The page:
[The following is a brief version of a devotional I’ve done for years at Freshmen Orientation at Samford University.]
“Many are the plans in a man’s heart, but it is the Lord’s purpose that prevails.”
In 1986, at the age of 17, I left home for college. I loaded up my car with all my possessions, and drove, for the first time by myself, the 60 miles from my hometown of Lafayette to Louisiana State University. I got directions from my dad, who told me to drive East 60 miles and take the first exit after crossing the river. “You can’t miss it,” he said confidently. But after 60 miles I saw no river, no city, only farmland. I pulled over and called my dad to tell his directions were less than adequate. He asked me for a landmark. The last sign I’d seen said “Lake Charles – 10 miles.” After a long pause on the phone, my dad sighed and said, “Son, you drove the wrong way on the interstate.”
As a result of my directional faux pas, I arrived 2 hours late to check-in at my assigned residence hall and I was assigned a different floor and a different roommate. Denis McCain, a guy I knew from my hometown, later introduced me to Jon Barton, who introduced me to Chris Place, who introduced me to Jonlyn Robson, who later became Jonlyn Kerlin – my wife of nearly 20 years and the mother of my 3 children. The moral of the story is that because of a driving error, I met the love of my life.
The author of Proverbs recognizes two realities that we sometimes see as contradictory. First, we must make choices, and hopefully wise ones. We consider our options, weigh the pros and cons, seek wise counsel, pray and follow what we know from God’s word, trust the direction of God’s Spirit, and then make a decision. We don’t always hear with crystal clarity the obvious voice of God telling us specifically what to do. Sometimes our choices are between two seemingly equally good options. Often, we must make decisions with limited information and take risks. Decision-making is a complex business, especially for those seeking to follow God’s will. We will often get it right and we will sometimes get it wrong. We are redeemed and we are fallen. Such is life.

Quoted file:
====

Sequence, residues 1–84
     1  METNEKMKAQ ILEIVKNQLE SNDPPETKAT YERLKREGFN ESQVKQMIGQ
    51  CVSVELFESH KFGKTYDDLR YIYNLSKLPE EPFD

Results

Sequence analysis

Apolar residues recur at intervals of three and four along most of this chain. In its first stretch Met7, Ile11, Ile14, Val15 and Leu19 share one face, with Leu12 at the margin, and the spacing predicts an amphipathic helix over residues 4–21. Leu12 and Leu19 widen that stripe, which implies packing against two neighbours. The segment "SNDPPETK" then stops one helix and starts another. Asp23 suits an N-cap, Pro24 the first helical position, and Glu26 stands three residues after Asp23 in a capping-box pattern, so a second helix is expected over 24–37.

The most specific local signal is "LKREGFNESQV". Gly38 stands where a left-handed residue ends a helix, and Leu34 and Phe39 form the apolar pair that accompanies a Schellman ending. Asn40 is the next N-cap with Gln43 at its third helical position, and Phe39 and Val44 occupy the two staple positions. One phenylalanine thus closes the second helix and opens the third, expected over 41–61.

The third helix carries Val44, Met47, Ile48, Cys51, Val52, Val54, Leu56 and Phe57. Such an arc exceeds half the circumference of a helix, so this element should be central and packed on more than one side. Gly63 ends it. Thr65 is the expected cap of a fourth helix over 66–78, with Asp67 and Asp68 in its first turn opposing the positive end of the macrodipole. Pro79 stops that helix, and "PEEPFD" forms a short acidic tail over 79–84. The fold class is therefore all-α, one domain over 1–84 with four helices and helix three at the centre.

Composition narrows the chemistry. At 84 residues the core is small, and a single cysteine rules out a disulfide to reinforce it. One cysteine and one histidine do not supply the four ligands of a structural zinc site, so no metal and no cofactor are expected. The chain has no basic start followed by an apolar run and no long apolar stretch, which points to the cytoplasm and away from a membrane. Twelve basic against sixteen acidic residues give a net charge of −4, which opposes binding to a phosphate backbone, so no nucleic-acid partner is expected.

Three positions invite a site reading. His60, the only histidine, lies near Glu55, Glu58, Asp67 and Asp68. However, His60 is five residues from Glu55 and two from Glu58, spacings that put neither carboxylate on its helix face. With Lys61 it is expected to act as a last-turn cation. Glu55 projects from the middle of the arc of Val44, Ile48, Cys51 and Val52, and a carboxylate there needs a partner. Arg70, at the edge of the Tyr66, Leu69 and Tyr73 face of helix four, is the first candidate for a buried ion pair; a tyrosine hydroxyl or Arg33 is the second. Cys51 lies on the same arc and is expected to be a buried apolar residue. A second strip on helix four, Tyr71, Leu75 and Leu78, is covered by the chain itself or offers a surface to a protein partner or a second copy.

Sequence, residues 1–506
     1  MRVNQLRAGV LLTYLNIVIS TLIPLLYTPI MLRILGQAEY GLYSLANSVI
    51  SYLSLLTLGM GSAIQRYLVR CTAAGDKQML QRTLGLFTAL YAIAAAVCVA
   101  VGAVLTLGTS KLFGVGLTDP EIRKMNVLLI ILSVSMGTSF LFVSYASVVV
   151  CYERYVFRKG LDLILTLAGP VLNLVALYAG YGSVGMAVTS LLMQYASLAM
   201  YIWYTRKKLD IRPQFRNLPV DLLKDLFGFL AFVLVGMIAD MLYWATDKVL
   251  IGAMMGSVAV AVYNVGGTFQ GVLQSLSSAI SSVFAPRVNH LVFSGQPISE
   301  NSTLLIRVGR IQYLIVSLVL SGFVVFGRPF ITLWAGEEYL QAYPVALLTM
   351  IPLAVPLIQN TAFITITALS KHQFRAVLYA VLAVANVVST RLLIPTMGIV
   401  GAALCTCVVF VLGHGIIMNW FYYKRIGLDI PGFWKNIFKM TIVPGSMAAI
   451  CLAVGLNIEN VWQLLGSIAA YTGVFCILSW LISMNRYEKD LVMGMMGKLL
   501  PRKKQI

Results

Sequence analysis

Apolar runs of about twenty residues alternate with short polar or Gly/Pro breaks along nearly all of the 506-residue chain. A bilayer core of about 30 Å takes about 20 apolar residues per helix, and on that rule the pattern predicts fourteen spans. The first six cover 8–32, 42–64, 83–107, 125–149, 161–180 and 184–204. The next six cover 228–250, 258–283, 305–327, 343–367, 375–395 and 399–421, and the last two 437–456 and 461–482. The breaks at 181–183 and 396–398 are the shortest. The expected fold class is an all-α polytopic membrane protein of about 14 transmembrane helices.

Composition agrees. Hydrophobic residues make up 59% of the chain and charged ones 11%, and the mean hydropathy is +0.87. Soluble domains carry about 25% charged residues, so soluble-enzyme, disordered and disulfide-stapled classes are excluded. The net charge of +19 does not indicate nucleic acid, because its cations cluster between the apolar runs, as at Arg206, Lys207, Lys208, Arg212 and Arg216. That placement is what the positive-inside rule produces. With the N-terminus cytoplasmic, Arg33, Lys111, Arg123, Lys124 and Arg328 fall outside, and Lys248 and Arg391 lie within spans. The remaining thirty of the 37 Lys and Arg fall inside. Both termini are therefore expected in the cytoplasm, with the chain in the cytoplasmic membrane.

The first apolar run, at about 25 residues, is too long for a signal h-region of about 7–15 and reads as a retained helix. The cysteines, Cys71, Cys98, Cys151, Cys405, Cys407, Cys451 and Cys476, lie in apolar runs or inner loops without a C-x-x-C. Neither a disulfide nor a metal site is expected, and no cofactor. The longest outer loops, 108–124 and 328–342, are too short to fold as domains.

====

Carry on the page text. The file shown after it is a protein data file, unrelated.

But the author of Proverbs also recognizes a second reality – the Lord’s purposes prevail. This means that sometimes God creates, from our worst mistakes, His greatest plans. Consider Joseph, sold into slavery by his brothers, mistreated by his owners, but ultimately promoted to second in command in Egpyt. “You meant it for evil,” Joseph tells his brothers, “but God meant it for good” (Genesis 50.19). Consider Judas, that most reviled of biblical characters. Who greedily sought to profit from Jesus’ downfall. Could there be a worse mistake? Yet all that he did was to fulfill prophecy and to accomplish God’s overarching purposes for His creation. This is difficult for us to wrap our brains around, to be honest. That God can take our mistakes and those of others, and use them to accomplish his greater purposes, is a testament both to our frailty and God’s sovereignty. So take courage and make decisions boldly and wisely. Do not be paralyzed by the fact that you aren’t sure which way to go, which school to attend, where to live or exactly what to study. Do the things you know you must do to consider wisely your ways. And then, even if God has not spoken to you in an audible voice (God does this rather rarely you know), be bold, make a choice and own it, whether it turns out well or not. Sometimes your most embarrassing choices, rather than your best ones, will result in God’s greatest blessings.